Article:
I wasn’t sure what to make of it.  It was dreamy, and sonic, and only barely decipherable as English.9  It was too melodic to be ambient and too edgy to be new age and too dense to be electronica (also, electronica hadn’t been invented yet).  The best I could come up with to describe it was “angels singing in a pink fog,” which is what I told people for years when desperately trying to put the music into words.  Now, you may say, “how could you tell the fog was pink just from listening to it?”  To which I can only respond: “you obviously haven’t heard Victorialand.”  Ordinary white fog it ain’t.

Dead Can Dance is a slightly different story.  They’re still dream pop, definitely, but with a healthy dose of world, and an injection of Renn Faire to boot.  I’d heard the name kicked around, but I hadn’t heard any of their music when I fell in love with It’ll End in Tears by This Mortal Coil.  TMC was a group with a rotating membership, composed nearly exclusively of 4AD bands.  I knew the Cocteau Twins, of course, and I knew Martin McCarrick from his work with Siouxsie, but the other musicians were from bands I’d mostly never heard of: Cindytalk, Colourbox, Xmal Deutschland, Wolfgang Press.10  And Dead Can Dance, which of course I had heard of.  I figured I liked the Cocteaus, and I liked This Mortal Coil, so I better pick up some of these other bands.  And I figured I should start with the one name I recognized.

The album I eventually bought was Aion, and it too would become one of my favorite albums (possibly even eclipsing the other two).  This trilogy (Victorialand, It’ll End in Tears, and Aion) comprise the perfect music to relax to, to fall asleep to, to mediate to, to just lose yourself in.  Aion differs from the others in having a strong medieval bent.  As such, a lot of the tunes (such as “Saltarello” or “Fortune Presents Gifts Not According to the Book”) don’t really work for Smokelit Flashback.  But then you have “Black Sun,” which I’ve always thought is one of Brendan Perry’s strongest vocal performances.  There’s no doubt that Lisa Gerrard is the vocal powerhouse of the duo, but when Brendan is on, he’s on, and “Black Sun” is the perfect closer for this volume.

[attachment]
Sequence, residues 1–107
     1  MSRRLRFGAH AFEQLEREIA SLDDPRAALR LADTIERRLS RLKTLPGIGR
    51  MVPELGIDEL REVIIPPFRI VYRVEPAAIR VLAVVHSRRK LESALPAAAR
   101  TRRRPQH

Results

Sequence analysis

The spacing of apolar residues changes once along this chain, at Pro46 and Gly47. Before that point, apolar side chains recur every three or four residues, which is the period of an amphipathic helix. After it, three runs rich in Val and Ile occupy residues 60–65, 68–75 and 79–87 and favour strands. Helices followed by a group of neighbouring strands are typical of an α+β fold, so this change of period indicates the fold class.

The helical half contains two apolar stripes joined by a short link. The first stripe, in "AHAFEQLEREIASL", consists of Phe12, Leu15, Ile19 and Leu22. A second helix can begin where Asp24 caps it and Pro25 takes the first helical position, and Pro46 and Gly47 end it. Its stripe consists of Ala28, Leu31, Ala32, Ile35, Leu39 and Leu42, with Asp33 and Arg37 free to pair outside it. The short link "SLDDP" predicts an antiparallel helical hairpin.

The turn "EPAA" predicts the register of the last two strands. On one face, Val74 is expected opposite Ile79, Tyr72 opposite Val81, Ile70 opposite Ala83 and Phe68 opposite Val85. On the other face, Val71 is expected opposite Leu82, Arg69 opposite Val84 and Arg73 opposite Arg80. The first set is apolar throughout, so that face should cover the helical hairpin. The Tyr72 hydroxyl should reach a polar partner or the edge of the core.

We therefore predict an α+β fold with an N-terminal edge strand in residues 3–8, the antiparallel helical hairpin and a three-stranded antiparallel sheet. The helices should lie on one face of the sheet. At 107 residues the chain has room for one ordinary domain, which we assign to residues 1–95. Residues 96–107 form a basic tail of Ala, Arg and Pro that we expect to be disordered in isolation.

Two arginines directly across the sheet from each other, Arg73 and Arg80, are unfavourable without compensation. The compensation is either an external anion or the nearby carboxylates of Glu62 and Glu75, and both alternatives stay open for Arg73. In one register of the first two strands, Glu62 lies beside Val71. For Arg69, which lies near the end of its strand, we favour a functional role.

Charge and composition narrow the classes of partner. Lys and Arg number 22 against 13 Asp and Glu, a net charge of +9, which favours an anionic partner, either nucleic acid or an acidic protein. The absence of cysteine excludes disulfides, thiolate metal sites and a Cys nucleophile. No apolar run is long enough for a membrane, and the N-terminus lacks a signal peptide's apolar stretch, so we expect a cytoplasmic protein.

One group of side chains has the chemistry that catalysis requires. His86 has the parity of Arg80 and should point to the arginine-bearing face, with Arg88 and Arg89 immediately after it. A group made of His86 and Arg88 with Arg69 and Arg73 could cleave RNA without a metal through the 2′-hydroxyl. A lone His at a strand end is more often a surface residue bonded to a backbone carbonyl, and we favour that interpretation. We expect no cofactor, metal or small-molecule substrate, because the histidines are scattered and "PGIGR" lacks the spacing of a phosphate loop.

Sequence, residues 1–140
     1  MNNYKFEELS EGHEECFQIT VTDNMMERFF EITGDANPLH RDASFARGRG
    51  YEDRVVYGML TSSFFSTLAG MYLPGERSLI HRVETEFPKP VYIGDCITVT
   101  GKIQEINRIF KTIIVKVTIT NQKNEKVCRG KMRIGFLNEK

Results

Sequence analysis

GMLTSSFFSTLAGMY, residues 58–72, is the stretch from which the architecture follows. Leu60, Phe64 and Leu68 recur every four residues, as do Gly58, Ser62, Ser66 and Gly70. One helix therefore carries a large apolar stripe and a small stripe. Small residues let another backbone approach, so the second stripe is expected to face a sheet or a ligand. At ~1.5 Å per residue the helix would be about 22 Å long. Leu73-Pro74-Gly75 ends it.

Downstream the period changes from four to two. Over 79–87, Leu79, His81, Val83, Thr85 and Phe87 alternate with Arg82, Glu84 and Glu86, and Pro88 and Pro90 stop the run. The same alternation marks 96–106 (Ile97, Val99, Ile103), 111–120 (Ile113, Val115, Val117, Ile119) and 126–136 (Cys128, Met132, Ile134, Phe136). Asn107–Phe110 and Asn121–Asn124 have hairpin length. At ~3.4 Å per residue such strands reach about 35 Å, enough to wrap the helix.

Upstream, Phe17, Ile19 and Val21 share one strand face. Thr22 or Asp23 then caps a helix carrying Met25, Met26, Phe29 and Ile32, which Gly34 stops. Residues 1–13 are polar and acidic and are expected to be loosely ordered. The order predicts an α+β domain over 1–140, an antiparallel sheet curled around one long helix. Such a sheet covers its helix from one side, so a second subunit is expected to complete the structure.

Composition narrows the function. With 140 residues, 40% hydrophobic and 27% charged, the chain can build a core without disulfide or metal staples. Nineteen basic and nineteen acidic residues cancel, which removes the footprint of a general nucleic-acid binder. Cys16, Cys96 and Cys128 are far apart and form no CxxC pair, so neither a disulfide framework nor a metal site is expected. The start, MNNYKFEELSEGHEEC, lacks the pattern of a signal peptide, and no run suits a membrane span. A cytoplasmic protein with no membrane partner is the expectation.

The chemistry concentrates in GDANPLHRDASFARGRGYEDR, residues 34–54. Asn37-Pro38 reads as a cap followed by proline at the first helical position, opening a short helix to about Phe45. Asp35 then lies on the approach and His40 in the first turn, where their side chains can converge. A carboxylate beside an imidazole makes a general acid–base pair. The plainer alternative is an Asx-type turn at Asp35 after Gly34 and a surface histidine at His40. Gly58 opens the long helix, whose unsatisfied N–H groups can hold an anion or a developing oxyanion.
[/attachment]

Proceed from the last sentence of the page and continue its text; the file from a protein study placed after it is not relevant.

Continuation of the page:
The volume title is a line from “Mourning Air” by Portishead.  The sense of mystery it conveys is perfect for this mix.


Smokelit Flashback II
    [In a Half-Lit World]


        “Cowboys” by Portishead, off Portishead
        “She Hangs Brightly” by Mazzy Star, off She Hangs Brightly
        “Mercy” by Falling You, off Mercy
        “The Thinner the Air” by Cocteau Twins, off Victorialand
        “Mourning Air” by Portishead, off Portishead
        “White” by Naomi, off Everyone Loves You
        “Experiment Number Six” by Lemon Jelly, off Lost Horizons
        “Sumeria” by Transglobal Underground, off International Times
        “Syndicate” by Naomi, off Everyone Loves You
        “Humming” by Portishead, off Portishead
        “the art of possession (no escape)” by Falling You, off Touch
        “Ana” by Transglobal Underground, off International Times
        “Black Sun” by Dead Can Dance, off Aion
   
Total:  13 tracks,  63:16


As I mentioned back in volume I, the other bridge off Transglobal Underground’s International Times (“Sumeria”) is here, as is “Ana,” a song which simmers but somehow never boils.

Rounding out the set is a single track off Mazzy Star‘s debut, She Hangs Brightly.  Mazzy Star is often described as dream pop as well, but I find it to be something a bit to the left of that.  Not harsh enough to be shoegaze yet too harsh to be proper psychedelia, with just a hint of country twang, it exists in a bizarre world mostly to itself, with only Tashaki Miyaki and a few of the mellower Sonic Youth cuts for company.11  Much of the Mazzy Star ouevre isn’t quite right for Smokelit Flashback, although it’s all tantalizingly close.  But “She Hangs Brightly” is just an eerie, haunting tune that fits in perfectly here.

For our next installment, we’ll leave Smokelit Flashback for some more upbeat pastures.






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1 This is actually quite common.  Often when I decide I have enough tracks for a full volume, I end up having enough for two.

2 Specifically, program 250: “Liquid Desires.”

3 BTfaBG essentially consists of Rosenthal and whoever else he feels like, much like Nine Inch Nails is Trent Reznor and The The is Matt Johnson.

4 Specifically, The Scavenger Bride.

5 We’ll see them on Smokelit Flashback V, if we get that far.

6 For instance, perennial Falling You vocalists Suzanne Perry and Dru Allen are the regular singers for Projekt artists Love Spirals Downwards and This Ascension, respectively.

7 While others might say that honour should go to labelmates Dif Juz.

8 Nirvana formed in 1987, which puts them 4 years behind fellow Seattle natives the Melvins, and 3 behind seminal Boston grunge band Dinosaur Jr.

9 And I’m being generous when I say “barely.”  Many people listen to the Cocteau Twins for years before figuring out that it actually is English.  I know I did.

10 I would eventually procure Devils and Funky Little Demons as well.  Still have never picked up any Cindytalk or Colourbox though.

11 Well, I say “only,” but that only goes to show you that you should never use words like that when it comes to music.  I’ve recently discovered Beach House and Widowspeak, and both are very similar to Mazzy Star, especially the latter.  In fact, I suspect that you’ll be hearing from one or both bands in future volumes of this mix.